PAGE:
How are credit card minimum payments calculated?

How much will your credit card minimum payment be? The answer is complicated, because in Canada most credit card providers calculate your minimum payment based on one of two formulas. If you need a quick answer, you can use a credit card minimum payment calculator to find out approximately what your minimum payment should be, but we’ve also laid out the math behind the two formulas below.

Flat dollar amount

If you have a relatively small unpaid balance (say, less than $1000), your credit card’s minimum monthly payment might be a flat rate, usually $10, sometimes plus interest and any unpaid fees.

Percentage of overall balance

If you have a larger balance, for example, $5,000, your credit card’s minimum monthly payment will likely be a percentage of the outstanding balance, usually 3%.

The minimum payment formula that applies to your credit card depends on the size of your balance, but it will always be whatever is the larger result of the two formulas listed above.

For example, if you have a $100 balance on your credit card, your minimum payment would be $10 using the flat rate method, or 3% of $100, which is $3. Since the minimum payment on your statement is always the larger of the two options, it will be $10.

But if you have a $5,000 balance, your minimum payment using each calculation would be $10 using the flat rate method, or 3% of $5,000, which is $150. Since the minimum monthly payment on your credit card statement would be the larger of the two formulas, it will be $150.

Credit card minimum payment calculator

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Credit Card Minimum Payment Calculator

Use this calculator to determine how long it will take you to payoff your credit cards if you only make the minimum payments. Enter your credit card information below and press "View Report" to see your payoff details.

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Information and interactive calculators are made available to you only as self-help tools for your independent use and are not intended to provide investment or tax advice. We cannot and do not guarantee their applicability or accuracy in regards to your individual circumstances. All examples are hypothetical and are for illustrative purposes. We encourage you to seek personalized advice from qualified professionals regarding all personal finance issues.


How to find your minimum payment terms

Your minimum payment and its due date are issued monthly on your credit card statement. If you receive paper statements in the mail, it is available on that document. If you bank online, you can find your minimum monthly payment in your online portal, or by downloading your monthly statement in PDF form. If you can’t find the information you are looking for, call your credit card’s customer service line.

How do past-due payments affect your minimum payment?

If you miss a minimum payment, your credit card issuer is entitled to take one or more of the below actions, all of which will negatively affect your finances:

  • Increase your interest rate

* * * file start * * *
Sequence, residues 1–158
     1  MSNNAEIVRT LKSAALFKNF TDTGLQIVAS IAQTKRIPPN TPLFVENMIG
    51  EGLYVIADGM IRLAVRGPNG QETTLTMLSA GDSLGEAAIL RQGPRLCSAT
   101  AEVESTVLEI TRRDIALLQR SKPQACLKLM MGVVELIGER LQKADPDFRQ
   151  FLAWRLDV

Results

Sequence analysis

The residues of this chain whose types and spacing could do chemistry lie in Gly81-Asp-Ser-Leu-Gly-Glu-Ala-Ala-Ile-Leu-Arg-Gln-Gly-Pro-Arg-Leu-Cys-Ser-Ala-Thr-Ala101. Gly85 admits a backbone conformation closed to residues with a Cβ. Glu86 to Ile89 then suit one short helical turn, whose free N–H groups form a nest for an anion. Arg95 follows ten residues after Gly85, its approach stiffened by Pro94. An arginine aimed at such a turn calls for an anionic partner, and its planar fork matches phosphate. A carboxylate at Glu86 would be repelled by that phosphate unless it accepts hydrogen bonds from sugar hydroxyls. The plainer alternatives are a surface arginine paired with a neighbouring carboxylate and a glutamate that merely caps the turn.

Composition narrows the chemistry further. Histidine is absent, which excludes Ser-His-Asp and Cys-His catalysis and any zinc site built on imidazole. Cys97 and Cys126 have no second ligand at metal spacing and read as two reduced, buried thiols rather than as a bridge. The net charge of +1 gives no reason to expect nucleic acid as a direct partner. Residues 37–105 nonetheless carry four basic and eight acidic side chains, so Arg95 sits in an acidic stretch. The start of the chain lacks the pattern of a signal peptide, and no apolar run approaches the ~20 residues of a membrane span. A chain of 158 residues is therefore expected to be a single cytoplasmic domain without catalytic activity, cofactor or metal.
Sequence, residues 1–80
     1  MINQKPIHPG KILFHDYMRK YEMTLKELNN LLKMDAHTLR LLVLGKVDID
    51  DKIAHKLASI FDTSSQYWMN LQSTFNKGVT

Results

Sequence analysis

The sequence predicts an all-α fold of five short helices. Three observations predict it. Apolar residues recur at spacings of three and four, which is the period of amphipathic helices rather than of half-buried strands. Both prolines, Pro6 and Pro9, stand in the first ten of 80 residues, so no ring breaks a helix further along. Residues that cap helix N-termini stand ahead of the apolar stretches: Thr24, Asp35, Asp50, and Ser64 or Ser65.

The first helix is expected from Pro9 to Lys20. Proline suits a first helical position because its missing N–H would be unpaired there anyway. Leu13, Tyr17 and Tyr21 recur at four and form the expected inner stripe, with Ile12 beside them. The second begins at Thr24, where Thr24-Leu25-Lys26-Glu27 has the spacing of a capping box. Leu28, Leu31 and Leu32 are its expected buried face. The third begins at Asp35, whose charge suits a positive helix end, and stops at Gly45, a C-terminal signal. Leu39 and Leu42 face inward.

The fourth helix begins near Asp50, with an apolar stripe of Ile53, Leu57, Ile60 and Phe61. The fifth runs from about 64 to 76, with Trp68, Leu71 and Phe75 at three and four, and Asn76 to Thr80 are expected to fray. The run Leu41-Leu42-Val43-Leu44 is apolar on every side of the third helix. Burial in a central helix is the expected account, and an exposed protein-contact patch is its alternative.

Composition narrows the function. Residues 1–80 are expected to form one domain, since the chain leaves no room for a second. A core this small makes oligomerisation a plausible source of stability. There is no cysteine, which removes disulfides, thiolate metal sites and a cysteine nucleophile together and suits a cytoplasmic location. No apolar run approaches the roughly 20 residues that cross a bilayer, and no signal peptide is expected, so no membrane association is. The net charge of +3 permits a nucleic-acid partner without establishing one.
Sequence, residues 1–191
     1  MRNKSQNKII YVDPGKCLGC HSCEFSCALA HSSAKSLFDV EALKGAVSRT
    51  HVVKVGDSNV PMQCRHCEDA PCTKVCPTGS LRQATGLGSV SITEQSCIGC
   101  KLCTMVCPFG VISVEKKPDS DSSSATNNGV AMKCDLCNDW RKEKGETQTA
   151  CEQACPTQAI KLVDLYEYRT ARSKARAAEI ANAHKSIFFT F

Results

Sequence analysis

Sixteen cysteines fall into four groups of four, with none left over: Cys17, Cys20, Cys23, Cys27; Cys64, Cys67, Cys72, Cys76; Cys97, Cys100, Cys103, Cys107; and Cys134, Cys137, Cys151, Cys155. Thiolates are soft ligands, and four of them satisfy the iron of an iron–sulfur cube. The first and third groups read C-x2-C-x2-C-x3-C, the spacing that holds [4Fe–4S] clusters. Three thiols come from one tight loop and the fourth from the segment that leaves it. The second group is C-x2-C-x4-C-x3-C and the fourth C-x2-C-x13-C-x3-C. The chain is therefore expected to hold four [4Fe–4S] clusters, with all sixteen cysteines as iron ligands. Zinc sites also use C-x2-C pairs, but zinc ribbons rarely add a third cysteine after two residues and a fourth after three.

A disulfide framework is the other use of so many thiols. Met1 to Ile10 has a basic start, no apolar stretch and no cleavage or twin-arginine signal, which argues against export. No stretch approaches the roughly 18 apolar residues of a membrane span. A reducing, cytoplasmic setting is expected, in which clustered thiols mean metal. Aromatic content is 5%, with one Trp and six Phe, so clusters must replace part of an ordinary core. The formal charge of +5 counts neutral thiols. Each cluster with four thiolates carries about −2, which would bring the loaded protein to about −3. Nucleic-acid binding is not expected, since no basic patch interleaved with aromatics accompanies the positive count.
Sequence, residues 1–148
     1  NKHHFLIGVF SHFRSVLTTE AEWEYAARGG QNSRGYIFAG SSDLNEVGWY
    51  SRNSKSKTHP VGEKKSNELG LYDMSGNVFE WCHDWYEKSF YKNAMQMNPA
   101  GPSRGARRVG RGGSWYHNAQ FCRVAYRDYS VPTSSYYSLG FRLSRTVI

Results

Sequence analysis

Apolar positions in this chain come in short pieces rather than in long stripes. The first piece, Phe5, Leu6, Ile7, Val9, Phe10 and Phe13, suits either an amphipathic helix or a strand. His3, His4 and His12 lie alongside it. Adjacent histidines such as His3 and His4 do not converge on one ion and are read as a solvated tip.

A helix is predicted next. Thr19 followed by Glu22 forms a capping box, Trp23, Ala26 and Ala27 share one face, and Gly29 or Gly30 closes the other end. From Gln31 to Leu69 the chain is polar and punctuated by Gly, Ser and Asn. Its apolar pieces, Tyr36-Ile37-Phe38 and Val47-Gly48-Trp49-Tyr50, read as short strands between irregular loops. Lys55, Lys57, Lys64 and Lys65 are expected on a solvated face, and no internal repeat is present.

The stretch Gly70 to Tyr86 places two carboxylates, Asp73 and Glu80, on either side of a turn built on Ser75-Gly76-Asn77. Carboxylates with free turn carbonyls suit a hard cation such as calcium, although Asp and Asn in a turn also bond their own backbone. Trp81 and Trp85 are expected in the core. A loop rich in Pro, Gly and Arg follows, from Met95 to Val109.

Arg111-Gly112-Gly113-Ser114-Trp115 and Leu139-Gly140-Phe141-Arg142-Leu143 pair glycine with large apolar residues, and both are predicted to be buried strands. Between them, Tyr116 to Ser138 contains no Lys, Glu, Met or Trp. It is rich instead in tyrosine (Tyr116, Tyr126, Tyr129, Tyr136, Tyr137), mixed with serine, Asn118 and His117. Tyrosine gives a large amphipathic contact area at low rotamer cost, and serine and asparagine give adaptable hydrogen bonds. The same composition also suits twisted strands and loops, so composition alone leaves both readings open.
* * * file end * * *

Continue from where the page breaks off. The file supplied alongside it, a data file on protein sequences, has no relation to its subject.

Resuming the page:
• Report your missed payments to the credit bureau, damaging your credit score
  • Withdraw a promotional interest rate
  • Cancel your credit card

Some of these measures will affect your minimum payment. For example, if your interest rate goes up, the monthly interest that is added to your balance increases. Since your minimum payment is sometimes calculated as a percentage of your balance, it will also increase.

Making minimum payments vs. paying more than the minimum

While you should always make at least the minimum payment on your credit card, it’s a good idea to prioritize paying even more than the minimum. Paying more than the minimum has many benefits, but most importantly, it will dramatically reduce the amount of interest you pay on your credit card balance and decrease the amount of time it will take to pay off your balance in full.

For example, if you have a $5,000 balance on a credit card charging 19.99% interest, your minimum monthly payment will probably be $150. If you make only the minimum payment on your credit card, it will take you more than four years to pay off the balance, and during that time you’ll pay $2,357 in interest. That’s over half of the principal!

Alternatively, if you pay $350 per month toward that debt, the balance will be paid down in full in one year and five months, and you’ll pay $758 in interest—a savings of $1,599!

If you’re struggling to pay off your credit card balance

Paying off your credit card in full every month can be a challenge, and the unfortunate truth is that most Canadians carry credit card debt of some amount. If you’re struggling with a high-interest debt load, there are a number of options you can explore to reduce the burden.

One common strategy for speeding up the debt repayment process and minimizing interest payments is the use of a balance transfer credit card. These cards offer very low interest rates (as low as 0%) for a promotional period, usually between three to 12 months.

Be aware that after a balance transfer card’s promotional period expires, the interest rate goes up, and your remaining balance will be subject to these higher rates. Know what a balance transfer card’s post-promotional interest rate is before you apply, and minimize your risk by considering a card that has both a low promotional and post-promotional rate.

Jordann Brown is a freelance personal finance writer whose areas of expertise include debt management, homeownership and budgeting. She is based in Halifax and has written for publications including The Globe and Mail, Toronto Star, and CBC.


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